Publié le 05/06/2019

The dazzling colors of Jaipur

Sometimes you just have to be honest with yourself: You deserve the best. The Rajmahal Palace, drenched in rich, flamboyant colors and patterns and boasting monumental architecture and a supremely attentive staff, offers a maharajah’s life every moment you are within its walls.

The dazzling colors of Jaipur

Sometimes you just have to be honest with yourself: You deserve the best. The Rajmahal Palace, drenched in rich, flamboyant colors and patterns and boasting monumental architecture and a supremely attentive staff, offers a maharajah’s life every moment you are within its walls.

After a few adventurous days in the wilderness at Sher Bagh safari camp in Ranthambore park, we head to our next destination, Jaipur, the famous “Pink City.” As we start to approach the city, our excitement grows as the roads become more densely packed with cars, motorbikes, rickshaws, cows, and camels. We arrive at the gate of the majestic Rajmahal Palace and are warmly greeted with “Namaste.”

The exterior of the Palace, its swimming pool and gardens
On the left: The breakfast room "The Colonnade", open 24 hours a day for the Palace guests.
On the right: the dining room "51 Shades of Pink" is a reference to the nickname of the city of Jaipur, "Pink City"

Located in central Jaipur, the palace is owned by the royal family and was their primary residence before relocating to the City Palace. The palace was renovated and refurbished by renowned designer Adil Ahmad and opened in 2014. Forty-six custom wallpapers adorn the common rooms and suites in the palace. Each of the 13 suites is uniquely and lavishly decorated with a mix of classical and modern styles. Coming from Paris, we are in awe of the use of bold colors and patterns. There’s a dining room called “51 Shades of Pink” that is, well, decorated entirely in hot pink. We gasp every time we walk into a different room. With a large garden, terrace, common areas, and multiple dining rooms, we feel like we have the palace to ourselves. The property is a luxurious oasis sheltering us from the hustle and bustle of Jaipur.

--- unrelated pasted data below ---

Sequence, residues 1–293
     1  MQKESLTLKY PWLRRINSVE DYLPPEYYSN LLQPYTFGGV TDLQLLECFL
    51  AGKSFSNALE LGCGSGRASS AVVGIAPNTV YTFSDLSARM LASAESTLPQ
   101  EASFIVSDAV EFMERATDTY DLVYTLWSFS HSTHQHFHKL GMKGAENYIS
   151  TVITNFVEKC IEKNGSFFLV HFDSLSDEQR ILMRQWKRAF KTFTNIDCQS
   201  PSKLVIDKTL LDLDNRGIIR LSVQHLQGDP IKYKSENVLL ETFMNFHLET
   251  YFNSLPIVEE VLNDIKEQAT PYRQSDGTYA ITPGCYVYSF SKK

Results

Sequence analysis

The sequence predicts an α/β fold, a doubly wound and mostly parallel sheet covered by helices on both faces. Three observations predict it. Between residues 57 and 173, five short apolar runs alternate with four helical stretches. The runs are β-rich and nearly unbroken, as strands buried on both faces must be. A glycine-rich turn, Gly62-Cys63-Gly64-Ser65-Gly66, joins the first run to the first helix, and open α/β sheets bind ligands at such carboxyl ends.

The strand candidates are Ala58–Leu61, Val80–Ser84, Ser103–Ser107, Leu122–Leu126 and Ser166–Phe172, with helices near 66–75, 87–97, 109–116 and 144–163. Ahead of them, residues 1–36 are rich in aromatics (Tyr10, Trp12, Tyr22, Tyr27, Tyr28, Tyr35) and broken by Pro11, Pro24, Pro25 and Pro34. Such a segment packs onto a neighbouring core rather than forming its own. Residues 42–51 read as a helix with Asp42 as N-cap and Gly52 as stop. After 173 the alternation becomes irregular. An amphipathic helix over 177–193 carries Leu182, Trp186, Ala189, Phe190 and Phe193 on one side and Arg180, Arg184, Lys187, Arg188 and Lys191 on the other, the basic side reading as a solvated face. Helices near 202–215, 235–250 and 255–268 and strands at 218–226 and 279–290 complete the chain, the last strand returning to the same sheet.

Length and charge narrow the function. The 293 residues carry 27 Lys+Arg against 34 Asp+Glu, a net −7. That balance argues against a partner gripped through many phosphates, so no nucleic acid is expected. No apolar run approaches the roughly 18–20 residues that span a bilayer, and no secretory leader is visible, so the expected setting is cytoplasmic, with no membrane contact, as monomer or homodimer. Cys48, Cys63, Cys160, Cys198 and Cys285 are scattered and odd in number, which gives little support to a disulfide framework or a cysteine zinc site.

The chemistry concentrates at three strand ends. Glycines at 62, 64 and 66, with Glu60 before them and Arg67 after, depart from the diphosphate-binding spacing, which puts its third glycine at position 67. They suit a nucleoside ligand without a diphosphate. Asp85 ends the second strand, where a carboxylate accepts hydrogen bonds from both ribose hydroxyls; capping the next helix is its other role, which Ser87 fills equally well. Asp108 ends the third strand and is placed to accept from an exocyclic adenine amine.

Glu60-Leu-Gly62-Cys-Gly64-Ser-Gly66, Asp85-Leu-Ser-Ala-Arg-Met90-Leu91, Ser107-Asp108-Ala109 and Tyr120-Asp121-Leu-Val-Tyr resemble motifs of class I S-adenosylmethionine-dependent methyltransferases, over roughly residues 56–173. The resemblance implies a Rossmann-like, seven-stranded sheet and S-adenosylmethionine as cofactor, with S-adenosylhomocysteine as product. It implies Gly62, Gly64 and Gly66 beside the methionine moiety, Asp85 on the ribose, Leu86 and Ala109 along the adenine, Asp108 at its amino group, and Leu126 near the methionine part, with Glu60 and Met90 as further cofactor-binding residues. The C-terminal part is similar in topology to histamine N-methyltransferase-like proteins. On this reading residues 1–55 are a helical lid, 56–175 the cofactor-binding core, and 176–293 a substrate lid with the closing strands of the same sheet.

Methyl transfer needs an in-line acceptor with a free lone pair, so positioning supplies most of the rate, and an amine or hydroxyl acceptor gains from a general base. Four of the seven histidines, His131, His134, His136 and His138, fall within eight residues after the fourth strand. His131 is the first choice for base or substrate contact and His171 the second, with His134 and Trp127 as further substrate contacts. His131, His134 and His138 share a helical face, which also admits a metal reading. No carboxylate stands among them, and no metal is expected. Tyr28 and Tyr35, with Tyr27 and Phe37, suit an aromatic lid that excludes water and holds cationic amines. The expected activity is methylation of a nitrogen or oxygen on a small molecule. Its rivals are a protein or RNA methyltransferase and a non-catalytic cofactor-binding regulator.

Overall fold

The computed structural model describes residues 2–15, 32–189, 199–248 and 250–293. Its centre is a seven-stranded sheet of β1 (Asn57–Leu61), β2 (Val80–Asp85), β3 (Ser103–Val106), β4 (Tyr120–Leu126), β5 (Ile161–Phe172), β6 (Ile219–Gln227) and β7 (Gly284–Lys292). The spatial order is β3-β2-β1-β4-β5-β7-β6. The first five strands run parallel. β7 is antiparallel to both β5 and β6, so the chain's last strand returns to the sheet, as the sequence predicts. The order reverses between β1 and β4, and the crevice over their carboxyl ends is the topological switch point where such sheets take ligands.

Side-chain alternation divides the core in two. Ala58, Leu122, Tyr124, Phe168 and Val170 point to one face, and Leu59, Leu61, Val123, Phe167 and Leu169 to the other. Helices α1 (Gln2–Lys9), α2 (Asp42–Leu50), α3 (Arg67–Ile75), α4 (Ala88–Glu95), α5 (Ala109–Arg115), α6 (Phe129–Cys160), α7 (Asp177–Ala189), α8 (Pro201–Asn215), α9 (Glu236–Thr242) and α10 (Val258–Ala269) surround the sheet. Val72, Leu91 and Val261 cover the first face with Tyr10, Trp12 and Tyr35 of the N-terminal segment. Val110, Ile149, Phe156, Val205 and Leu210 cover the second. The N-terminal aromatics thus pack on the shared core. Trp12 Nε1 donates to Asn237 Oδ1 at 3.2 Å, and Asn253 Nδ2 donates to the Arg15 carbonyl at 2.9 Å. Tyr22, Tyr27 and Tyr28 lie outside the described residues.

One of the magnificent lounges of the Rajmahal Palace
On the left: one of the Palace's lounges
On the right: the room in the Maharajah apartment, which has a royal service
On the left: the room in the Maharani apartment, which means "Sovereign" in Indian

We settle into the beautiful Mountbatten suite. Being a big fan of the TV series The Crown, I am excited to learn that the real Lord Mountbatten has stayed here. The palace has also had other famous guests like the Queen herself, the Prince and Princess of Wales, and Jackie Kennedy. I enjoy a bath in the lavish marble bathtub and slather tuberose lotion on my skin. I come out of the room feeling like royalty.

The Mountbatten suite, in pastel colors, in which we stayed

As the sun sets and paints the palace exterior in a different shade of pink, we make our way to a special outdoor dinner they have set up for us by the pool, filled with candles and rose petals. Like the first property we visited, the service here feels genuine and unobtrusive and they always go above and beyond to make our experience exceptional. The menu has international options and a traditional Rajasthani thali. Having booked a cooking class with chef the next day to make a thali, we opt for the homemade pappardelle with red-wine-braised lamb ragout, which is delicious!

The Rajmahal gardens